1. What a great suggestion, Joan. Thank you! I'm glad to hear hospitals may be willing to take on tapestries.

    2. they often put them under glass but in my experience they do it after they accept the artwork.

    3. Ah. I wondered about that. Thanks.

  2. A timely and thoughtful post. I like Joan Griffin's idea of donating to hospitals, too. It is hard to part with things because of emotional connections. Something that has encouraged us is the fact of dealing with our parents estates and coming estates. You are right--getting rid of "stuff" does free psychic space.

  3. About four years ago, mice got into my studio. It was a tiny outbuilding, so most of my things were stored in a shipping container. Thankfully, I didn't lose everything, but I did lose a lot, as it was all either chewed into nesting material or destroyed by droppings. It was very hard to let go of a lot of it, but as you say, once it was gone, I did feel a bit more free. There was room for new things.

  4. I totally agree with you, I think a lot of times our work helps us to refine our ideas and get us ready for the next piece, and the one after that, etc. I always feel a sense of creative freedom when I clear the old stuff out. I don't have much work from college, as I also moved across the country. I sold some, gave some away, threw some out, and I'm happy to have all of this space to explore my new ideas. I love Joan's comment about looking into hospitals who might take donations or even have funds to purchase some art. Thanks for sharing this idea, and also I love your 9/11 piece. So much movement and emotion, sorrow and hope. Such a shame that the mildew got to it first!

    1. Thanks, Laura, for your thoughts and your appreciation of the 9/11 piece. I used to feel like everything I made was important and worth keeping. The more time has gone by, and the more I trust that the Source of inspiration is bottomless, the less I worry about letting go of old work. It's all cyclical, like the seasons. . .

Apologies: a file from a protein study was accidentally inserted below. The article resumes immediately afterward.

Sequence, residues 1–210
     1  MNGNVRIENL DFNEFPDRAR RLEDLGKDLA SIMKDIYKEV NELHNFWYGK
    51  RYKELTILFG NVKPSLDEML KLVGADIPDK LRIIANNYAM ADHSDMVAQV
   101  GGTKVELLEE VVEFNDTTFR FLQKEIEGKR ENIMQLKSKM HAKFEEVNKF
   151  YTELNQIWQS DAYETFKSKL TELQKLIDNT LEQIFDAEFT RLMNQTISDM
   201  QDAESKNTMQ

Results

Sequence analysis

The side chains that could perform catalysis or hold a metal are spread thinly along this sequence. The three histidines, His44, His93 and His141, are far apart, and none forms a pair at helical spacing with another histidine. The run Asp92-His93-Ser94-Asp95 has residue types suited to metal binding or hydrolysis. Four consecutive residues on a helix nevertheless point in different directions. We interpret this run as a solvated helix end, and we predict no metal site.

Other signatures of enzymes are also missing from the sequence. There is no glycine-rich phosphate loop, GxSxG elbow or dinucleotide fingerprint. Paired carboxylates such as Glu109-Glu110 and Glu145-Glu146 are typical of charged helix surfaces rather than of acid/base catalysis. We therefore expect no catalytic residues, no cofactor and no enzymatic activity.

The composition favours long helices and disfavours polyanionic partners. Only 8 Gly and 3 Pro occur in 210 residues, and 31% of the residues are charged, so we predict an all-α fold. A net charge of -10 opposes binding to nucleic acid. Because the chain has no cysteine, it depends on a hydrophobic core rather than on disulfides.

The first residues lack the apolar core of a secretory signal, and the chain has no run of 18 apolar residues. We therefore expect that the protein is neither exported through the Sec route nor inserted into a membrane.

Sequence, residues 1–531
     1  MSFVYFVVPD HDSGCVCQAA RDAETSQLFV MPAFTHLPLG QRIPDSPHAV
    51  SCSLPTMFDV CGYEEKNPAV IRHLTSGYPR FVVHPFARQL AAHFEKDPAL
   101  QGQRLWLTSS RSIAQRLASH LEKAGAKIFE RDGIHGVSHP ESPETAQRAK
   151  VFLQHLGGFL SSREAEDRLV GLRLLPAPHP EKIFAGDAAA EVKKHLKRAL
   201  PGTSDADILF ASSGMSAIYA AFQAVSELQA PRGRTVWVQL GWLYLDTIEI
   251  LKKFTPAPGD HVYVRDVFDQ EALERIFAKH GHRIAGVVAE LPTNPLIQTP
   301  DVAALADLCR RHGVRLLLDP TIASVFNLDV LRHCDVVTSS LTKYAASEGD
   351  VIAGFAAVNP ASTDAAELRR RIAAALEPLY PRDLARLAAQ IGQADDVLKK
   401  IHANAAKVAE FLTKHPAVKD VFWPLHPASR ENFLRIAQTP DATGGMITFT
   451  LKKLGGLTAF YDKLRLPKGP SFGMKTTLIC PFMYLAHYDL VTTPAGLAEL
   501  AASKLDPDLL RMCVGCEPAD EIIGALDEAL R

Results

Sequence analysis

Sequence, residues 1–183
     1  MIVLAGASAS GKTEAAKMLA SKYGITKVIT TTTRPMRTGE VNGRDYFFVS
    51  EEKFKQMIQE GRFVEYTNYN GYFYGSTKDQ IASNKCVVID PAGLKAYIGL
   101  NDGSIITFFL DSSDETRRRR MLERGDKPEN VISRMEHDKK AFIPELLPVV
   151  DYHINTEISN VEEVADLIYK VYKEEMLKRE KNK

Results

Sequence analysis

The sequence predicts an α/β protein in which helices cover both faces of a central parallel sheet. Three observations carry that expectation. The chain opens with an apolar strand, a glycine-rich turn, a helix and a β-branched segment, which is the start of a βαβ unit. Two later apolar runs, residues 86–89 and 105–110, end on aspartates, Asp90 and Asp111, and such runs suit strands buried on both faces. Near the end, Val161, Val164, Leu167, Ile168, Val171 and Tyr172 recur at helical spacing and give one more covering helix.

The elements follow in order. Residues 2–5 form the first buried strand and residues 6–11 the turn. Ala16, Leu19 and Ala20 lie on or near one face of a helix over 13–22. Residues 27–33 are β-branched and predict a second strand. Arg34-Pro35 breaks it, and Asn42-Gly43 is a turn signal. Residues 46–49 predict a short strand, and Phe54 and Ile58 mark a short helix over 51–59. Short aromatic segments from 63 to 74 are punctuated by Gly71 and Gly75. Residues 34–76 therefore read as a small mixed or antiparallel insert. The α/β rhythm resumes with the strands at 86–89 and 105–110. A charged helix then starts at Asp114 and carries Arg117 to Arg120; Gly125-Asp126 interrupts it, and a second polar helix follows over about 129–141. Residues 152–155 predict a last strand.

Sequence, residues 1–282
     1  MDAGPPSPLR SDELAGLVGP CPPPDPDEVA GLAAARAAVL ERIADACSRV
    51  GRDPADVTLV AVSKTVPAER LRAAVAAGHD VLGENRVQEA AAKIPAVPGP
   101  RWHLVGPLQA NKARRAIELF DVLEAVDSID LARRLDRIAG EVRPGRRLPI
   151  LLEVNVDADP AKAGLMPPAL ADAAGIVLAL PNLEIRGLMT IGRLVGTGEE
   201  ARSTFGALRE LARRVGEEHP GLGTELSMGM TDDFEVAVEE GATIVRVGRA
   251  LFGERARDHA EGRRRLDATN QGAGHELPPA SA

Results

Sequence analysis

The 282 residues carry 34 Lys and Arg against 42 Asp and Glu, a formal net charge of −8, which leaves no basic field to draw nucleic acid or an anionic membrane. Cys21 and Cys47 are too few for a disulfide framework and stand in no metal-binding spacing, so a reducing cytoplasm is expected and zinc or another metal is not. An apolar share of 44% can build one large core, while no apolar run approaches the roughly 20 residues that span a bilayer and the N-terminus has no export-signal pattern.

5. Almost two years ago, I had the job of cleaning out my parents' house. She was an art professor and artist, he was a chemistry professor and developed ceramic glazes in retirement. She made pots and bowls for him to test them on, and they exhibited together. She was also a weaver, knitter, painter, etc., so there was a ton of stuff to go through. And we learned the truth that no one wants your parents' stuff. My brother's family and my daughter took some special things, but we filled a dumpster twice, as well as donating many things. It was exhausting, physically and emotionally.

    1. Sorry to hear about the mice, Debra. That had to be upsetting. And clearing out your parents' stuff sounds hard too. I hope not to put my kids in that position. Now if could just find a home for my mom's 16 place settings of fine china. . . .

  6. I first met you through your Dodd Creek series and love it all these years later. In particular your map with faucet collage...I had no disposable income at that point. Your creations are lovely.
    Good luck with the next chapter of your life.

    1. Aw, thank you so much, Debra. And congrats to you on your current show, and best wishes for your ongoing creativity as well.

  7. I have SO many tapestries.....I am planning to put them all in an online photo album and ask family and friends to tell me which ones they like. On second thought my siblings and friends who are my age may not want any more stuff! But that way I can give people the one they actually like. As for paintings, mine are mostly for tapestry design and very few are worth framing so I can photograph them and then toss.

    1. That sounds like an excellent plan, Jan. Thanks for sharing your solution.